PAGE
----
The Best Luxury Cars at the Detroit Auto Show: Preview

Source: Brands via Bloomberg

Detroit in January is not exactly glamorous. But the North American International Auto Show (a.k.a. Detroit Auto Show) is without question the most prestigious car show in the world.

It has long been the show automakers choose for their world debuts, premium product launches, and high-profile concept test beds. Thousands of members of the international press show up early each morning to meet with executives and network with their colleagues—and drool over cars. It opened to press this morning and the public can join in starting Jan. 17.

This year will be important.

In 2014 automakers sold 16.5 million cars in the United States—the most they’ve sold since 2006—and they’re expecting 2015 to be even better. That is if consumer confidence, credit availability, and employment rates stay high. And, most importantly: if newly wealthy and young, first-time car buyers like what they see in Detroit.

More than 40 models are making their global debut, as well as dozens of national and regional splashes. A handful of concepts from the likes of Audi, Infiniti, and Bentley will also dot the convention center floor. Here are the standouts.

Jaguar SUV, Land Rover Diesel

The biggest news is Jaguar’s F-PACE, an efficient five-seat crossover expected to go on sale in 2016. Jaguar has yet to release specific information about the engine and power of its brand-new model, but we expect it to be on par with the quality and performance of Jag’s athletic F-Type coupe. On the show floor, Jaguar is showing a new 340hp V6 XE, a serious sport sedan that will compete with cars like the BMW 3-Series, Audi A4, and Mercedes-Benz C Class.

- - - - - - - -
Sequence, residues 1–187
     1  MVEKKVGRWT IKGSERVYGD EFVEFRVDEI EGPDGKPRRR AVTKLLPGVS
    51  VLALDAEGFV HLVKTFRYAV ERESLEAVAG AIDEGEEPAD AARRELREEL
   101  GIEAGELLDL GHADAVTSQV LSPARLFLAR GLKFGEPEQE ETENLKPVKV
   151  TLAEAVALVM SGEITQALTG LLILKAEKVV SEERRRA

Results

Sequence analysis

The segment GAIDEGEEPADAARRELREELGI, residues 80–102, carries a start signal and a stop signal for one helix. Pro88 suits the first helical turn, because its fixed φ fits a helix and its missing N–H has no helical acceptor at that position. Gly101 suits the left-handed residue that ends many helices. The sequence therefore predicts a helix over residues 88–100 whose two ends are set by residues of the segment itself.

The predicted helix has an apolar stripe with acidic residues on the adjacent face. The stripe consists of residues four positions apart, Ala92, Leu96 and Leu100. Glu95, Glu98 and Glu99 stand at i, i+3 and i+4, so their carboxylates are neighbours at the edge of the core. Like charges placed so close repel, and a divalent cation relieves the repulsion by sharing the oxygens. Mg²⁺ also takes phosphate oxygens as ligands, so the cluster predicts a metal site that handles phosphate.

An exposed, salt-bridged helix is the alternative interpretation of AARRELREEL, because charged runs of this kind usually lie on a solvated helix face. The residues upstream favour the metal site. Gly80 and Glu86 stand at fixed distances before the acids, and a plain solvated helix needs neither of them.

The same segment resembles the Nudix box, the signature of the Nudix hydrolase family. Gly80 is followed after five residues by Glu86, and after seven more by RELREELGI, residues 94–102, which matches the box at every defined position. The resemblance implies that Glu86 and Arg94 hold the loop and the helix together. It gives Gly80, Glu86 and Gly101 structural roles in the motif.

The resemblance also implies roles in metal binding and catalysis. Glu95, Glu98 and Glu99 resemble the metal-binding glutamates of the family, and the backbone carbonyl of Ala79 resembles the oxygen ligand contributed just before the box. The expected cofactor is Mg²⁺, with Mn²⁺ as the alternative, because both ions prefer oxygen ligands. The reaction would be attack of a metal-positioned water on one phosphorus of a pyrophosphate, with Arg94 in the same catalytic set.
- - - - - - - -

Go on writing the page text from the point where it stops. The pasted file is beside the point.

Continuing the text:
Concurrently, Jaguar’s sister brand Land Rover is showcasing several new diesel engines in almost its entire line starting with the 2016 Range Rover and Range Rover Sport Td6.

Italian Updates

Maserati is showing off a concept Ermenegildo Zenga special-edition of its immensely popular Ghibli. Another beloved Italian brand, Alfa Romeo, has the 4C Spider.

German Luxury

Big news among the German brands includes the M6 Convertible, the 6-Series Grand Coupe, and 6-Series coupe from BMW. Mercedes is showing the first two models from the new, more-affordable Mercedes-AMG Sport line, the C450 AMG and the GLE450 sport crossover. We may also see that all-new 2016 Mercedes-Maybach S600 V12 sedan, which the brand has developed off the of the discontinued Maybach line.

Audi is debuting the all-new Q7 SUV and the eco-friendly Q3 PI concept. BMW Group-owned MINI will do the world premier of the new John Cooper Works hardtop, a tiny rally-tuned racer.

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America and Asia

From Cadillac we’re seeing the 2016 version of the CTS-V—that 600hp, Corvette engine-powered coupe will be their main focus—and Ford is showing a 500hp Mustang Shelby GT350.

Toyota-owned Lexus is showing its GS F V8 sedan (that’ll compete against things like BMW’s M5), while Honda-owned Acura has the new NSX, the 500-plus horsepower supercar fan boys have anticipated for years.

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Surprises From Tesla, Bentley

There are still a few unknowns going into Detroit—Tesla, for instance.

The company said in 2013 that it would use the 2015 show to debut its affordable Model E, but recently the brand has been silent to confirm plans to show anything new. Representatives did not respond to requests for comment.

Bentley, too, has talked much about the SUV it debuted in 2012. A spokesman for the company said it would not bring the updated version to Detroit but that it would divulge further information on the model, which will start production in 2016.

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Missing In Action

And, of course, the chicest of the auto brands don’t attend Detroit at all—ironic, since the show is more renowned than the ones in Geneva and Paris, but it’s true. At the most, one or two executives from the likes of Rolls-Royce, Aston Martin, and Ferrari will attend, but they won’t show new cars there this year. The simple fact is that truly wealthy buyers just don’t choose their next rides based on auto-show debuts.

After all, Detroit in January isn’t for everyone.

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